- Recapitalization of the industrial wastewater treatment plant;
- Realignment of Hancock Street South to improve safety, traffic flow, and to position the city to implement a Train Whistle Free Quiet Zone;
- Improvements to the Becker Community Center as we invested in an air handling/dehumidification system that was twenty-two years old.
So much of what gives us those advantages and assets in which we can take such pride comes from the hard work and commitment of the people who live here, work here, own businesses here, volunteer here, and care about their community.
I believe the best thing we can do as the local unit of government is be sure that everything we do contributes to the success of all those other efforts – or at the very least stays out of the way of those efforts.
These priorities have developed through our community’s vision, and in my opinion serve as a useful means to measure where we are. The priorities include:
- Financial Sustainability
- Community Growth and Development
- Promote a Safe and Healthy Community
- Partnerships and Collaboration
- Improve Becker’s Brand
You will also notice that as we converse, each and every topic we discuss today will fit below one or more of the above priorities. By design. We want to become stronger as a community. We will work smarter. We will work more efficiently. We will leverage our current resources to better position our community for the next generations.
As you may have heard, Xcel Energy will be decommissioning two of the three coal fired power generating units in the next decade or so. One of our top priorities will be to collaborate with Xcel Energy in an effort to change the tax structure from taxing equipment to an energy production tax. This change will help stabilize the City’s budgeting process and financial future as this new structure will allow the city to forecast future revenue and better plan for our distant future.
Even though the decommissioning may have seemed like the end of the road for us, I believe it is just the beginning of something bigger. For example, the 2017 Legislature (Representative Newberger, Senator Mathews, and Senator Brown) passed a Bill and Governor Dayton signed it into law to build an 800-megawatt natural gas fired power generating plant right here in Becker. This $800 million gas plant will not be a retrofit to one of the retired and mothballed units. This will be a brand-new freestanding facility that will create a large number of construction jobs as it is being built. In addition, the transmission line will create additional opportunities as we will have additional gas capacity.
The collaborative efforts that lead up to the Natural Gas Plant bill signing has created stronger relationships between the City, Xcel Energy, Sherburne County, the MN Department of Employment and Economic Development (DEED) and the Governor’s office. The City had the honor of meeting with the Commissioner of DEED and the Governor’s office regarding the transition from a coal based economy to a more diversified economy in the coming years. The Governor has instructed DEED and other departments and staff to assist the City with our transitional efforts. This is a great opportunity to bolster our economic development efforts with extra resources from the State of Minnesota.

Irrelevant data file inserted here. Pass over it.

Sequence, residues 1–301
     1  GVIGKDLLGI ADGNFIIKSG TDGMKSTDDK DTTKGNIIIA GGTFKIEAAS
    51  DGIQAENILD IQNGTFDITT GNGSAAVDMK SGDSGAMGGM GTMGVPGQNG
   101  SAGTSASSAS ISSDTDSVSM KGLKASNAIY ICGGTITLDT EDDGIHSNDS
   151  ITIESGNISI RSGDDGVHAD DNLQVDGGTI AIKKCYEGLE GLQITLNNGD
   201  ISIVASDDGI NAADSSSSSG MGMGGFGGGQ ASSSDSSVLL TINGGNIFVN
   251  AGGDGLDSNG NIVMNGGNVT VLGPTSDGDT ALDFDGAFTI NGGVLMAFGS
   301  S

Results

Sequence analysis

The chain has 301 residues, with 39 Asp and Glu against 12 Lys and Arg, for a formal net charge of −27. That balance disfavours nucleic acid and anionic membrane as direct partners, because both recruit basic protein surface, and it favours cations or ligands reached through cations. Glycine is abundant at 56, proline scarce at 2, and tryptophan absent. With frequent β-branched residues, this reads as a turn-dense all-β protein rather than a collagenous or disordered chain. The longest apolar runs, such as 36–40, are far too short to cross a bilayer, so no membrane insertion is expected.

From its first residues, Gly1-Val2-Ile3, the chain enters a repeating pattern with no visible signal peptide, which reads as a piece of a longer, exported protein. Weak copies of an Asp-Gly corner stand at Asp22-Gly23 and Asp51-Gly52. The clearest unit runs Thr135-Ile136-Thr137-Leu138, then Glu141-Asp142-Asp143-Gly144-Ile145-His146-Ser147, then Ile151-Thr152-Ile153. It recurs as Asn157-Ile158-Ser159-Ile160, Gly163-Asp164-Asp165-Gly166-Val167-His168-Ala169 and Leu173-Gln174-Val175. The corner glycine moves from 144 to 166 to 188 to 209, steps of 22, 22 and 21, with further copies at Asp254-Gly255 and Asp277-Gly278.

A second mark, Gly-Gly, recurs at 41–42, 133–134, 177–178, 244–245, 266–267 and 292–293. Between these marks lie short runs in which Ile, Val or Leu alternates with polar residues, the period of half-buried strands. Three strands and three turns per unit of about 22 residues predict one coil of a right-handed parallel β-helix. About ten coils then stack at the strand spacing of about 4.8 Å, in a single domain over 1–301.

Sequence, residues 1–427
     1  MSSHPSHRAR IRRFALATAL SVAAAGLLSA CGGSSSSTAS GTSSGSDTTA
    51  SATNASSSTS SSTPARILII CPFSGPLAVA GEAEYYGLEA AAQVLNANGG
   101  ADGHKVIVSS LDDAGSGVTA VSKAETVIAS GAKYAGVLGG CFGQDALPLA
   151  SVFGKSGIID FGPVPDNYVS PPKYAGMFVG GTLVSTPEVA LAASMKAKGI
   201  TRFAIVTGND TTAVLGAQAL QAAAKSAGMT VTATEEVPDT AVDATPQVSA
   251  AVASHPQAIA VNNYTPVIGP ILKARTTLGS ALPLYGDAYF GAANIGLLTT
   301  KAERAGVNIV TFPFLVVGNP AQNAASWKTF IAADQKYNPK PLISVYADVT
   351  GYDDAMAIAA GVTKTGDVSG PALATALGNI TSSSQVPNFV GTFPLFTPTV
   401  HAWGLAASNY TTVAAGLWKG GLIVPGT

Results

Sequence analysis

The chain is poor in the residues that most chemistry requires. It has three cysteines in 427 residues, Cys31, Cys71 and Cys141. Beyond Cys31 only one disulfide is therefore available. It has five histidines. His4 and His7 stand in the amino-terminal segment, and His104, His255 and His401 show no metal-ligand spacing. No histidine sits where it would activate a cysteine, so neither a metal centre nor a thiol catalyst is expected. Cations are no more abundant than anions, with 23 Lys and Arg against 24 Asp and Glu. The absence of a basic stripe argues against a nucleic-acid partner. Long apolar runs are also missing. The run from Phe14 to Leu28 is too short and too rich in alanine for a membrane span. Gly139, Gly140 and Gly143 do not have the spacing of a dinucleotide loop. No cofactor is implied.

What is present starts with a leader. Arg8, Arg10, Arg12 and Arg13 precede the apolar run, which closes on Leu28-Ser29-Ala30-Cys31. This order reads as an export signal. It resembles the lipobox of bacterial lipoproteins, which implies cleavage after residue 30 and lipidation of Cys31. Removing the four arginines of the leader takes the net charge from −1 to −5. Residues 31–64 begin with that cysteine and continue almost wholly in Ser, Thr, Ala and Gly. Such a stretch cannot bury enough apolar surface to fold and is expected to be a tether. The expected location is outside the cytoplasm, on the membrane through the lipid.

Xcel Energy is also partnering with the City on economic development projects. Our Community Development Department has been working tirelessly to get our City owned industrial park lots certified and marketed as “shovel ready.” These certified lots allow the City to broaden the marketing efforts of our Industrial Park. Not only is the City promoting business to locate or expand in Becker, but Xcel Energy is also promoting our community as a great location for businesses to build and grow. In fact, just last week at the Greater St. Cloud Development Corporation annual meeting I witnessed firsthand Xcel promoting the City of Becker. Not only are we talking about them, they are talking about us on a regional/national level. In addition, Xcel Energy is marketing Xcel-owned property for future growth of the industrial park. One example that stands out as a potential new resident is the site acquisition slated for Northern Metal Recycling. This 53-acre site would be used to locate NMR to property close to the Sherco plant and close to the BNSF railroad.
Mayor's Welcoming Message
Hello Residents of Becker!
I am humbled by the opportunity you have given me to lead the City of Becker. Becker is on the cusp of something great and I’m absolutely thrilled to be part of this community during these exciting times.
My family and I have called Becker our home for over 20 years. One of my family’s favorite things to do here in Becker is to take in the sights of Snuffy’s Landing while kayaking on the Mississippi River. One of my personal favorites is the people who call Becker home. I am amazed every day by the community pride each of us has. I have met a lot of you at various community activities, while sitting on various committees throughout Becker and by being on City Council for the past 8 years.
My family’s values fit well into what I see as the city’s priorities:
- Augmenting the City’s collaborative efforts;
- Promoting economic vitality;
- Continuing to strengthen the City’s financial position;
- Reinforcing the organization as a number one employer;
- Enhancing our community’s safe, healthy and sustainable lifestyle.
Becker has so much to offer:
- Great schools;
- Great recreational opportunities;
- Great transportation;
- Great corporate partners;
- Superb volunteers;
- Competitive tax rate.
The Becker City Council and I have hit the ground running. It is true we have some challenges in front of us. It is also true that we look forward to meeting those challenges. We have exciting times ahead!
You have my pledge to make Becker a better place, our government more effective, and our image more positive. I have great confidence in what we can accomplish as we move into the future.
Becker truly is a great place to live and will only become better!
Tracy Bertram, Mayor
City of Becker, Minnesota